A bizarre-looking shark was unintentionally caught by fishermen off the waters of Eden, New South Wales in January this year. The rare specimen, a juvenile male that measured 1.26 meters long, is what is known as a goblin shark.
The mysterious looking marine animal, which lives at the bottom of the ocean has nail-like teeth and a flabby pink body. Unlike other sharks such as tiger sharks and whalers, the creature does not slice its prey but rather tear it using its distinct set of teeth.
Described as "alien of the deep" the prehistoric looking creature is characterized by a large and fleshy snout with electroreceptors that can detect if there is a prey nearby. The sensors, known as ampullae of Lorenzini, allow the shark to sense the electric field that is produced by its prey between 300 to 900 meters deep.
The shark is considered as a living fossil because it is the only surviving member of the Mitsukurinidae shark family, which goes back as early as 125 million years ago.
Michael McMaster of the Merimbula Aquarium has donated the body of the shark to the Australian Museum in Sydney where it now takes its place as the fourth specimen of its kind housed there. The Ichthyology Collection of the museum now has four specimens of goblin shark that were collected in Australian waters.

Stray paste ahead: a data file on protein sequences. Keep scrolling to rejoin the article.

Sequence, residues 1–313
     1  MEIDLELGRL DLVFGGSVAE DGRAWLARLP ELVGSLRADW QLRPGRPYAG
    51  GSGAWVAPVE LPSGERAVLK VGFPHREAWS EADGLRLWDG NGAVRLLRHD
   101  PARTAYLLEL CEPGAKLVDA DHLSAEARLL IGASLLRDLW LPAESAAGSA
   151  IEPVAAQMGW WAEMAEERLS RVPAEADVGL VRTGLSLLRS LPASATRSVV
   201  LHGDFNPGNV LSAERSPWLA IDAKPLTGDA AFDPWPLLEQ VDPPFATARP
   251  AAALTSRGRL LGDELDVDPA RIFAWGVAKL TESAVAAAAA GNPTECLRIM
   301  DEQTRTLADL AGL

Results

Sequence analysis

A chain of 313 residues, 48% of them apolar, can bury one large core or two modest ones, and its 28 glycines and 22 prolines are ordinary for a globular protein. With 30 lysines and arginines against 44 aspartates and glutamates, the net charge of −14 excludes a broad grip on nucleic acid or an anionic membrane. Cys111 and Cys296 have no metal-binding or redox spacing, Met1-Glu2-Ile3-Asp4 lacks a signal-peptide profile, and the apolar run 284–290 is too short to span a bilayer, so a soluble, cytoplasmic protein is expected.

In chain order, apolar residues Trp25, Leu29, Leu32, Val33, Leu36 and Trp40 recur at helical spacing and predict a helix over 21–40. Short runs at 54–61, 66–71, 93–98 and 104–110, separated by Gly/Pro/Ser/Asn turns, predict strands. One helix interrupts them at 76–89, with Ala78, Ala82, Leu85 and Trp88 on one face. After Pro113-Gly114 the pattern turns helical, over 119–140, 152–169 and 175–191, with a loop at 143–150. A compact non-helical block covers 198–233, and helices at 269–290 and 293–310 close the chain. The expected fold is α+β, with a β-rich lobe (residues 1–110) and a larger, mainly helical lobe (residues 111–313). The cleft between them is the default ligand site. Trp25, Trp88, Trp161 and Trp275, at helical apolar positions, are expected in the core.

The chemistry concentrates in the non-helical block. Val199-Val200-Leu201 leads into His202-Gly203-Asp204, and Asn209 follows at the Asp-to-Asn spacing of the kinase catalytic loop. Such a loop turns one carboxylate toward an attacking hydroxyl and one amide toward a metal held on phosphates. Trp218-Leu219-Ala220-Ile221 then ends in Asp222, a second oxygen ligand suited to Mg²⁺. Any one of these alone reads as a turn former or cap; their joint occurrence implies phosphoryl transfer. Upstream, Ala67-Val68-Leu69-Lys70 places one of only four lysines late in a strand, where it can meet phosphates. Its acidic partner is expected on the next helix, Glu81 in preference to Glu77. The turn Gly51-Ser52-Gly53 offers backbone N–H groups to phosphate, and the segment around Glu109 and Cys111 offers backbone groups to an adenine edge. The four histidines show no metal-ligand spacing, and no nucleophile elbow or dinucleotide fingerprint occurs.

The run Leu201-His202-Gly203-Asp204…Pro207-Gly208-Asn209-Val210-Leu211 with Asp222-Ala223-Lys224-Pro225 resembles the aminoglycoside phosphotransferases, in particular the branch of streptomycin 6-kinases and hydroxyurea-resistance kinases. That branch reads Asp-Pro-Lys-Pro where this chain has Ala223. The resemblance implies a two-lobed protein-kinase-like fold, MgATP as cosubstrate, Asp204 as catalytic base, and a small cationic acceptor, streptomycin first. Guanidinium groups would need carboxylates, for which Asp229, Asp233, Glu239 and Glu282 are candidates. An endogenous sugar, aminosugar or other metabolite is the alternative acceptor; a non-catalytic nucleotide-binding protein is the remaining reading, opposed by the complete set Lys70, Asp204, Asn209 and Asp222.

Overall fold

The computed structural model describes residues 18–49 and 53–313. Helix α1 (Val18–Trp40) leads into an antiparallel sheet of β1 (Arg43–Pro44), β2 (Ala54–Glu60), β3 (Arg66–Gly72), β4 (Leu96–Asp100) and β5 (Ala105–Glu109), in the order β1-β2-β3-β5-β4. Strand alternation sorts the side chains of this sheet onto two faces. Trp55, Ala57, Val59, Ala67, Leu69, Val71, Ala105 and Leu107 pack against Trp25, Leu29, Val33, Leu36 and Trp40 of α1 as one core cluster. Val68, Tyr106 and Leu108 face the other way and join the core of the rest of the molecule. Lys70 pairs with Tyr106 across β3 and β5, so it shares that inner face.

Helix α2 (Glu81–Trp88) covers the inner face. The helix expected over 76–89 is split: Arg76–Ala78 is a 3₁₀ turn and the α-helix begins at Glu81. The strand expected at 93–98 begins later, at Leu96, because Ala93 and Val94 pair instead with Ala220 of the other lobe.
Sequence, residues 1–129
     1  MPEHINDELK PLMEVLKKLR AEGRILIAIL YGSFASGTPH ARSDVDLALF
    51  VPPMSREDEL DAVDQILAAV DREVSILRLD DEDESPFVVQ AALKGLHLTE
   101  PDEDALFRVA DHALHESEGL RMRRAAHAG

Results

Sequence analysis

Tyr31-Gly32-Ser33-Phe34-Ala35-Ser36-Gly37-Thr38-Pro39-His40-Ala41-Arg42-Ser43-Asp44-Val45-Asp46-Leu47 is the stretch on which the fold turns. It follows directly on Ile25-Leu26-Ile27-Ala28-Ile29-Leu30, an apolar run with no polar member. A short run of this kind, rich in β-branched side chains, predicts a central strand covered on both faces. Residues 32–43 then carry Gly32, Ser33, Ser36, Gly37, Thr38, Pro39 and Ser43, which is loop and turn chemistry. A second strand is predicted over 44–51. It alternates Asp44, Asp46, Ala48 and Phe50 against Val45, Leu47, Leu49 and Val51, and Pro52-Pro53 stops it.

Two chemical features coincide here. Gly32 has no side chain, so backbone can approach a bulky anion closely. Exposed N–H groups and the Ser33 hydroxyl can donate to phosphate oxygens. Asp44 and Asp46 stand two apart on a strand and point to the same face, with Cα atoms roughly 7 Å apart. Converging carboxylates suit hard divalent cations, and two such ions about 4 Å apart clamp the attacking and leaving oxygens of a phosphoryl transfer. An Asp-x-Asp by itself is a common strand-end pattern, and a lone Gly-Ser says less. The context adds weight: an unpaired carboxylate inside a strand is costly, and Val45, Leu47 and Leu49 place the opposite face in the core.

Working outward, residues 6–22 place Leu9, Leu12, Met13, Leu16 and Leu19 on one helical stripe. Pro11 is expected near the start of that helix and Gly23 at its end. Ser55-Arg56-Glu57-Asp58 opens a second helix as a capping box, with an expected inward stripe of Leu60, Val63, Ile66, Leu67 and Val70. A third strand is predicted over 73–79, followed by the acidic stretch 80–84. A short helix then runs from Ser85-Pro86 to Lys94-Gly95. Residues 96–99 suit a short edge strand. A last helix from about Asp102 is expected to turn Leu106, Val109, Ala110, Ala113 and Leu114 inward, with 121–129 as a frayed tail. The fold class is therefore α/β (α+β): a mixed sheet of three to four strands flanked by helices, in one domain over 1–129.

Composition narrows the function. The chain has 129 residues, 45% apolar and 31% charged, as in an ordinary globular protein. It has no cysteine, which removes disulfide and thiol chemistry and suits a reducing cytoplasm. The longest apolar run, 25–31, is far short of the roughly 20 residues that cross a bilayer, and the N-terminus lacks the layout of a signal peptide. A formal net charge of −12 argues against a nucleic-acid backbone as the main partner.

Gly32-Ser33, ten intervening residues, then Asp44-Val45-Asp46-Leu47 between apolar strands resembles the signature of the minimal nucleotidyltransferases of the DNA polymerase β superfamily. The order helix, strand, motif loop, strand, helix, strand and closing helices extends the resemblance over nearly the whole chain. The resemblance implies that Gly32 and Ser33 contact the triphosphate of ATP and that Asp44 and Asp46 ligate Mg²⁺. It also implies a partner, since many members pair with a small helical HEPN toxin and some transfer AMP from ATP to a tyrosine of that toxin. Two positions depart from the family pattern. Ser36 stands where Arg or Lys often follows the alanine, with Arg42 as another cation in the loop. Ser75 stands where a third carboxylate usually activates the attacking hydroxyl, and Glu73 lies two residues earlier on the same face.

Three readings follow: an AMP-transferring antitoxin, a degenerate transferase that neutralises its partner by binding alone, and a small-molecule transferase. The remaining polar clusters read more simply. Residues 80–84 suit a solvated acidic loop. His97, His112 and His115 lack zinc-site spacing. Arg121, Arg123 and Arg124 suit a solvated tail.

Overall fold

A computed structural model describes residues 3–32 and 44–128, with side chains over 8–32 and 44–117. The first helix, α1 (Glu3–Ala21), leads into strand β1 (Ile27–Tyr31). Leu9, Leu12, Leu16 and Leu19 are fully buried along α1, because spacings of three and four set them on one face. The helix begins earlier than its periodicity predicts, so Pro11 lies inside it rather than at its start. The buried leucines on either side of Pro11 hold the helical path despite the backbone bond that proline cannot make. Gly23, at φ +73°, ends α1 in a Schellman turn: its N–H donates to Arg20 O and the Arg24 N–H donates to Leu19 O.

Prior to its acquisition, the museum's ichthyology collection manager Mark McGrouther has only seen three goblin sharks.
"These are amazing looking animals," McGrouther said. "They are not encountered very often, so when they do it's a very special day."
Mike Kelly, the fisherman who caught the shark, on the other hand, claims to have caught about 12 goblin sharks in his career noting that his most recent catch from about 600 meters of water was a small one.
The appearance of the fish may be scary with its snout and set of long pointed teeth but experts said that the fish does not pose threats to people. The shark is known to prey on fish, crab and squid.
Shark expert John Carlson, from the National Oceanic and Atmospheric Administration (NOAA) said that much about the fish remains a mystery saying that they do not know how long the sharks have lived, how often they reproduce and how big they become when they reproduce because those still remain a mystery.